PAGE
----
The analysis starts with a look at resource and environmental matters related to China’s recent growth. We consider five key factors influencing China’s contribution to global prosperity and the growing dependence of other nations on China’s stability and economic growth:
- China’s comparative situation with other nations;
- Ecological footprints;
- Chinese trade, investments and expenditures abroad;
- International cooperation roles; and
- Emerging environment and security matters.
These factors place China’s environment and development specifics in a broader geopolitical context that cannot be ignored. This material is followed by five case studies that examine how China is dealing with problems where effects are global or regional as well as domestic, including actions that could be enhanced in the future:
- International market supply chains;
- Trade in illegally produced, harvested or transported materials;
- Biosecurity and biodiversity protection;
- Regional environmental quality and cooperation— river and marine water issues; and
- International environment and development cooperation, including development cooperation between China and Africa.
These cases draw on the insights of several former CCICED task force international co-chairs and others. Not all the bases have been covered. In particular, more attention might have been given to the following topics:
- China’s implementation strategies for several multilateral environmental agreements (MEAs), especially on climate change.
- Selected sub-global and regional environmental problems such as long-range transport of air pollutants (LRTAPs), a matter of growing concern, especially on the part of the U.S. and Japan.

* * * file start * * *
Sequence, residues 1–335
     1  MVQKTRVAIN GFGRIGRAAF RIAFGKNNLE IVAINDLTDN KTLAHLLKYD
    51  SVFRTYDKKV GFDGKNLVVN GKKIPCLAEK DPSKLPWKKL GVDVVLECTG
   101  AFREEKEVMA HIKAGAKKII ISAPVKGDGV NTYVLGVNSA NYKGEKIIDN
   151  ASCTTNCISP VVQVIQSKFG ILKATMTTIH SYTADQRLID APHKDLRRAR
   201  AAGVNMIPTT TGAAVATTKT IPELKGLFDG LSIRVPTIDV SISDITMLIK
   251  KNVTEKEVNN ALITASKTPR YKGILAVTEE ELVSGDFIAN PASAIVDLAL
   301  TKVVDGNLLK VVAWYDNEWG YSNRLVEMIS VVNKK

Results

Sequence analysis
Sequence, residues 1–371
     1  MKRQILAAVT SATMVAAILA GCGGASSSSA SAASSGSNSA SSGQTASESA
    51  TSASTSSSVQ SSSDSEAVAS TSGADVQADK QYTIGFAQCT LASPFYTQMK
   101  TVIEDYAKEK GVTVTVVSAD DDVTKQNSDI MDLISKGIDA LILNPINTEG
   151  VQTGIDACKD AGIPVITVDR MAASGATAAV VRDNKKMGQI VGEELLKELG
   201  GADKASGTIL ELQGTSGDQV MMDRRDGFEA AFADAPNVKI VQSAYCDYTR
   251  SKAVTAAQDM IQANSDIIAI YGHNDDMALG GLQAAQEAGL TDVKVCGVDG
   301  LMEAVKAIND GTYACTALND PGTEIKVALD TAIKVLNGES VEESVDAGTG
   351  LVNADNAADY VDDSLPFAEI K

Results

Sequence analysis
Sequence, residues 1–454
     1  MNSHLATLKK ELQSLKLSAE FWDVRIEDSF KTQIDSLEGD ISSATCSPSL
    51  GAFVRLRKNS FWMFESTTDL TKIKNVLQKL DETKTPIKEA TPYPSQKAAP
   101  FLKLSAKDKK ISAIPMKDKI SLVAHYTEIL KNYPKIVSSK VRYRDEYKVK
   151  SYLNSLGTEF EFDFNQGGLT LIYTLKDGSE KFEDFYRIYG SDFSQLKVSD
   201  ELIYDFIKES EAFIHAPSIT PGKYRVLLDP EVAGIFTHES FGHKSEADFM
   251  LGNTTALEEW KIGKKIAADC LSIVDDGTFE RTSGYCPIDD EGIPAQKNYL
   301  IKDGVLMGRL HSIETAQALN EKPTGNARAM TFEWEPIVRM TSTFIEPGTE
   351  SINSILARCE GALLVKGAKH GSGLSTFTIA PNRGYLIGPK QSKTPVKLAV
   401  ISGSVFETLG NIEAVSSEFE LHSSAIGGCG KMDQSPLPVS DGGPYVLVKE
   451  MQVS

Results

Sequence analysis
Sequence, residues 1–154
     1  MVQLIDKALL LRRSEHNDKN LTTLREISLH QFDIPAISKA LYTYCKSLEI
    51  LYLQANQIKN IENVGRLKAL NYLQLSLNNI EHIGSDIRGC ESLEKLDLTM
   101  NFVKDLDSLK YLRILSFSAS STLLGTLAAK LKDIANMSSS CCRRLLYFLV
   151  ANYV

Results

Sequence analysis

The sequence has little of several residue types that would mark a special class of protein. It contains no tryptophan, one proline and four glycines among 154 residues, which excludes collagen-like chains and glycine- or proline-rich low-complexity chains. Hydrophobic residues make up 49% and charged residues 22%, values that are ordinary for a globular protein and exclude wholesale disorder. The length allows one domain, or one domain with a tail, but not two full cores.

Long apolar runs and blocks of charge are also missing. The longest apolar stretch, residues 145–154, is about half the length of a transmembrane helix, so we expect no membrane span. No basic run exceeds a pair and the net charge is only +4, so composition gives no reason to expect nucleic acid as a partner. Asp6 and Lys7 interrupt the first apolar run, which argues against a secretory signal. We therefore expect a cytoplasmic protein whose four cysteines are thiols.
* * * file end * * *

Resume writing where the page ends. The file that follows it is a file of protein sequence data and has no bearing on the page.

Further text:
- Accelerated processes for sustainable development such as technology transfer and partnerships for addressing energy efficiency and environmental protection. This is a broad field in which China has built an astonishing number of productive working relationships, including business, government-to-government, research and development, and municipal and academic linkages.
Each of these three topics deserves in-depth analysis which was not possible to include here. Based on the analytical information, 10 important issues have been identified, with conclusions drawn about each.
- ^WWF International, Living Planet Report (Gland: 2006)
- ^Kristen Day (ed.), China’s Environment and the Challenge of Sustainable Development (M.E. Sharpe, 2005), 320 pp. ISBN: 0765614715; G.Murray and I.G. Cook, The Greening of China (Beijing: China Intercontinental Press, 2004), 193 pp.
- ^Elizabeth Economy, The River Runs Black: The Environmental Challenge to China’s Future (Ithaca: Cornell University Press, 2005), 368 pp. ISBN: 0801489784
- ^Jianguo Liu and Jared Diamond, China’s Environment in a Globalizing World: How China and the Rest of the World Affect Each Other, Nature, 30 June 2005; Feeding a Dragon, Latin Finance, September 2006; OECD, Environment and Governance in China, Ch. 17 in Governance in China (Paris: OECD, 2005), 236 pp.
- ^David Reevely, Can’t You Hear the Dolphins Weeping?, Ottawa Citizen, 18 December 2006.
- ^White Paper on Environmental Protection Published
- ^See also Jimin Zhao and Leonard Ortolano, The Chinese Government’s Role in Implementing Multilateral Environmental Agreements: The Case of the Montreal Protocol, The China Quarterly, 175, 2003, 708–725.
- ^Decision of the State Council on Implementing the Concept on Scientific Development and Enhancing Environmental Protection, 3 December 2005.
- ^CCICED Task Force on Review and Prospects, General Report, presented to CCICED 5th Annual General Meeting of the Third hase (Beijing: November 2006).
- ^An example of such in-depth analysis is a recent report prepared by UNDP in China reviewing efforts on capacity building for mplementation of multilateral environmental agreements (MEAs).
This is a chapter from One Lifeboat: China and the World's Environment and Development (e-book).